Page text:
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Fed's Barr says first learned of risks at SVB weeks before it failed

Senate Banking, Housing and Urban Affairs Committee hearing on "Recent Bank Failures and the Federal Regulatory Response" in Washington

(Reuters) - The U.S. Federal Reserve's head of banking supervision said Tuesday he was first made aware of the interest rate risk-related issues at Silicon Valley Bank in mid-February, just weeks before its failure.

Fed Vice Chairman for Supervision Michael Barr told the Senate Banking Committee that Fed staff made a presentation to the central bank's board in mid-February in which staff indicated they were following up with SVB on risk related to rising interest rates.

"The staff highlighted the interest-rate risk that was present at Silicon Valley Bank and indicated that they were in the middle of a further review," Barr said.

"I believe that is the first time that I was told about interest-rate risk at Silicon Valley Bank."

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Supervisory staff at the Fed had previously raised serious concerns over SVB's interest-rate risk and liquidity management and demanded fixes from the bank in November 2021, Barr said.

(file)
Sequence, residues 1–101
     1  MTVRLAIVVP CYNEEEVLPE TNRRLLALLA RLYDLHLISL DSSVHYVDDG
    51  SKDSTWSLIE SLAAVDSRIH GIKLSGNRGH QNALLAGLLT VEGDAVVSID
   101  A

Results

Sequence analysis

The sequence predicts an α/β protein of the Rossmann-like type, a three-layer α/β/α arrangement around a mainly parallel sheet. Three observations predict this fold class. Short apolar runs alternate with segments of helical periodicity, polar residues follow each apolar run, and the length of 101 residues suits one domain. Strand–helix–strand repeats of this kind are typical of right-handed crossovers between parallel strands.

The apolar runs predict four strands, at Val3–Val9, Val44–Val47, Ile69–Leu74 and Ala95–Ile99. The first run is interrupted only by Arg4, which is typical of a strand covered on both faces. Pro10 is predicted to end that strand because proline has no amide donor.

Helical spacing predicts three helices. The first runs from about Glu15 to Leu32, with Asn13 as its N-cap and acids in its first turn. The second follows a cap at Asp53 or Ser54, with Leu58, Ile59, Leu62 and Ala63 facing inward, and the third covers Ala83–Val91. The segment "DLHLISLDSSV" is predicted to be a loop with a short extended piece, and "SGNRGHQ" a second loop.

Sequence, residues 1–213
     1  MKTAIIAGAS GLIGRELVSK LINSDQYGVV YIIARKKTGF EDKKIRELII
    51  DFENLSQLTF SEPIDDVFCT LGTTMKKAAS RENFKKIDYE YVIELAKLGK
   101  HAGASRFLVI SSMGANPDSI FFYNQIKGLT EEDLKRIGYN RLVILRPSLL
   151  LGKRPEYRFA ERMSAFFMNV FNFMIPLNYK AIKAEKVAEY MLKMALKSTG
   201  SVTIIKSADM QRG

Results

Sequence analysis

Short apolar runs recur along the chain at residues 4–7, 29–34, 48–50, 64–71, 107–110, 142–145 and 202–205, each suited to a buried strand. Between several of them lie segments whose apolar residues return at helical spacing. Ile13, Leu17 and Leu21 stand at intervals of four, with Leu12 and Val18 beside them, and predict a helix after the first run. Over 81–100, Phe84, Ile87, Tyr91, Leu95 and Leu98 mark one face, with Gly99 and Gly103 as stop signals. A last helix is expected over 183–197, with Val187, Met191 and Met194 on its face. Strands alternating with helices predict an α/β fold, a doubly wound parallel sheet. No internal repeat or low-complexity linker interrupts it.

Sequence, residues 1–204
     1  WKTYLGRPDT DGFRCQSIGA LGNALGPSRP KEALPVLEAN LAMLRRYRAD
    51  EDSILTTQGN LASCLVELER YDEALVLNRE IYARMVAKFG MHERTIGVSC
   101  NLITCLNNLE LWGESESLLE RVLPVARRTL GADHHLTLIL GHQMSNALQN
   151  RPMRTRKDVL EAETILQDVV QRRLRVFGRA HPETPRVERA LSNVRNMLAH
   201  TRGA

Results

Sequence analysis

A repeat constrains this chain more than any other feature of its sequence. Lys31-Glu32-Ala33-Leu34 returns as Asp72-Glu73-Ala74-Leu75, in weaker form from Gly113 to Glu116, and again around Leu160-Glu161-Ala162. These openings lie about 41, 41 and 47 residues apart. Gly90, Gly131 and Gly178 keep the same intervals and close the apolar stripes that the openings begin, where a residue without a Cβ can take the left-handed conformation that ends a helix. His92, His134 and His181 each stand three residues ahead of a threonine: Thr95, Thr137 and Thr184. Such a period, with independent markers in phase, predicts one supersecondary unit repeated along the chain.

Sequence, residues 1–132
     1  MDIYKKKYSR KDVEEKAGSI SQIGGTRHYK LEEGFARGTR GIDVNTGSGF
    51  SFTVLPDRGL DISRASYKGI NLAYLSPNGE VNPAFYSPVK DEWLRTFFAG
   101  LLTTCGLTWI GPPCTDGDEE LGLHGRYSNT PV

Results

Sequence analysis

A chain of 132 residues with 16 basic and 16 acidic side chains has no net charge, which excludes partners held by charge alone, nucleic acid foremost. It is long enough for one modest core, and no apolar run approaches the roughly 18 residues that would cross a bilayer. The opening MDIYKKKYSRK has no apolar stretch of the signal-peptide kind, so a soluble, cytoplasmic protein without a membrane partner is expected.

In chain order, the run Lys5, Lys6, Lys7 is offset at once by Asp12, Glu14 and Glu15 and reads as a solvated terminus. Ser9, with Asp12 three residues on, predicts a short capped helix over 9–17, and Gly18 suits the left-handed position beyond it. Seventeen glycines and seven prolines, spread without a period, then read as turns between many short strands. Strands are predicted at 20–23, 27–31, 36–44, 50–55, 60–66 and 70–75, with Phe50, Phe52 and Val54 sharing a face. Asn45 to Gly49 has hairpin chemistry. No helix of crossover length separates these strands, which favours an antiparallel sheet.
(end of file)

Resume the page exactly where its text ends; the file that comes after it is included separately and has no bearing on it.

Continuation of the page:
In mid-2022, Fed staff deemed the bank's management to be deficient and barred the bank from growing through mergers or acquisitions, Barr said.

Fed supervisors brought those issues to SVB's chief financial officer in October 2022, he said, and raised additional concerns to SVB management in November.

But Barr said the issues weren't brought to his attention until a staff presentation last month.

"To the best of my knowledge I first learned about the issues at Silicon Valley Bank with respect to interest rate risk in mid-February of 2023," Barr said.

(Reporting by Hannah Lang in Washington, editing by Deepa Babington)